Hardenbergia violacea (Happy Wanderer) – The long flowering period make it a valuable pollen source for native bees. Frost tolerant and copes with dry exposed sites, but prefers some protection from the full sun. Looks best planted in groups. Gorgeous, delicate soft pink flowers from late winter through spring.
Illawarra Plum – An ancient tree originating 245 million years ago, Podocarpus elatus has been around since the dinosaur age and is from the same family as pine trees. It occurs naturally in subtropical rainforests of NSW and QLD, and as far south as the Victorian border.
Indigofera australis (Australian Indigo) – Flowers are sprays of soft purple through to pink from mid-September to November. Lovely soft blue green lacy foliage. Form can be variable, pruning will give a neater dense form, leaving alone will lend to a more delicate open arching form.
Kangaroo Grass – Soft, erect or sprawling perennial tussock with narrow green, purple or blue leaves. A distinctive grass which forms extensive swards in native grasslands. Glossy, rust coloured spikelets on slightly arching stems from September to February.
Kangaroo Paw – There are 12 different Kangaroo paws, 11 different Anigozanthos species and one Macropidia fulginosa. All are from Western Australia. Many of the named cultivars available from the nursery are hybrids of these different species.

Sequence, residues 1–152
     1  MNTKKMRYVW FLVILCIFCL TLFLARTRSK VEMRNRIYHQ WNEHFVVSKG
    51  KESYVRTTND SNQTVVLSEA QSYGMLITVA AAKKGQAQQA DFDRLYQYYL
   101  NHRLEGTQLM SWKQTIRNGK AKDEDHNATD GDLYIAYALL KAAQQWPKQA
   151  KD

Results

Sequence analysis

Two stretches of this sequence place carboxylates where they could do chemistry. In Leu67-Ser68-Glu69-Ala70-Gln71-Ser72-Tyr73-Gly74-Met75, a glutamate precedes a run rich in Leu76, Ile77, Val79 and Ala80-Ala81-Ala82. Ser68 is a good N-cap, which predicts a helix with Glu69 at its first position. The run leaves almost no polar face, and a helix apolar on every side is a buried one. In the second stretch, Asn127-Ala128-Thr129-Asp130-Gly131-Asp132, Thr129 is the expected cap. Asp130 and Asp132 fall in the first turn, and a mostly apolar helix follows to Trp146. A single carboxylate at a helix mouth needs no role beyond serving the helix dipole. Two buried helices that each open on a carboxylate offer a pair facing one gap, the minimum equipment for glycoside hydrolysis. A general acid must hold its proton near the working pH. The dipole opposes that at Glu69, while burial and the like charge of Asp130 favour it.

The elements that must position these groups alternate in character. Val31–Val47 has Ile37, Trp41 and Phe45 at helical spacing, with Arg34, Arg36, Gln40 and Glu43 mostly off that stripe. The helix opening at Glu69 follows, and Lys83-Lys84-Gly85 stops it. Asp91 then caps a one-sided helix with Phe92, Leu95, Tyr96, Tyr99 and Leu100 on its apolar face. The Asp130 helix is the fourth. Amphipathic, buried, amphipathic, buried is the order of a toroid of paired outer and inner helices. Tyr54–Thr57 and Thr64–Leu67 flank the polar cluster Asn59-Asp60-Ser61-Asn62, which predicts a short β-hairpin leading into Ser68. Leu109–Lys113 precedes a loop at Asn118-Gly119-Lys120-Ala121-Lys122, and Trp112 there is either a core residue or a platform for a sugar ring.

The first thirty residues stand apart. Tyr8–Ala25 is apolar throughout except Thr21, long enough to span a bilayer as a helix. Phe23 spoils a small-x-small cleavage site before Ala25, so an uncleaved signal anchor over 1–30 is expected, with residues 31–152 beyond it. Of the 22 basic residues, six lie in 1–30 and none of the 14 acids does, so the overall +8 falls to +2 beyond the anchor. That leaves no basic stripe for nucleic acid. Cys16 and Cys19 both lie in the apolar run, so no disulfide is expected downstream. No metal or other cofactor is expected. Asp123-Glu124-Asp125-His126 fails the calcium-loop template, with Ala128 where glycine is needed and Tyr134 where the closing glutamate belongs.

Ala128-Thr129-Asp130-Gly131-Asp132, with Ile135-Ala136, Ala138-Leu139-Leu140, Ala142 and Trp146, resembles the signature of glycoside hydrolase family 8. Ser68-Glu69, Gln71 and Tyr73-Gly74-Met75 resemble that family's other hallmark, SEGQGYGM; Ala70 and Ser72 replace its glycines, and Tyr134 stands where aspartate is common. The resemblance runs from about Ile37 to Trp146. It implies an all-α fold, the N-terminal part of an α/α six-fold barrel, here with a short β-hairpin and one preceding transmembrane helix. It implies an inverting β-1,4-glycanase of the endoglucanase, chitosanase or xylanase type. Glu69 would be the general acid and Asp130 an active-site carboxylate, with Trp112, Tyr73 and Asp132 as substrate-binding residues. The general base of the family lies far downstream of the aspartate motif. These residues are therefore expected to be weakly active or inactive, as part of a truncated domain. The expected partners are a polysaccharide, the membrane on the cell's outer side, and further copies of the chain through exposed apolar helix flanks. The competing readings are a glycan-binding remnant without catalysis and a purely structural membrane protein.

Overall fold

Lemon Myrtle – A favourite with chefs these days, Lemon Myrtle has moved past the novelty stage and is now widely used due to its outstanding lemony characteristics. The leaves have an exceptionally powerful lemon taste and aroma – “more lemon than the lemon”.
Macadamia – Macadamia nuts are one of the few Australian ‘bush foods’ that have found success as a commercial food crop right around the world. These nuts have an amazing sweet, subtle buttery flavour with a soft, smooth, crunchy texture and are one of the most versatile nuts.
Midgen Berry – This low growing, spreading shrub is an ornamental and hardy plant that is useful as tall ground cover or small shrub. After a lovely show of creamy blossoms many small berries appear on the shrub, looking like tiny speckled eggs.
Mountain Pepper – Creamy flowers appear in small clusters in September, followed by dark red berries that turn black when ripe in around March or April. The leaves have a hot flavour when chewed, and the berries are enjoyed by native birds.
Muntries – Absolutely fabulous native fruit, rapidly gaining favour not just with local provedores but also by our top chefs and leading restaurateurs. Containing up to four times the level of antioxidants of blueberries, these little berries are about to take off.
Old Man Salt Bush – The attractive silvery grey leaves are variable in shape and size, and when dried and crumbled are sought after as a salty flavouring for many foods.
River Mint – Related to the common mint that is commonly used in cooking, M. australis is our own local version.
Tetratheca ciliata (Pink Bells) – The long flowering period make it a valuable pollen source for native bees. Frost tolerant and copes with dry exposed sites, but prefers some protection from the full sun. Looks best planted in groups. Gorgeous, delicate soft pink flowers from late winter through spring.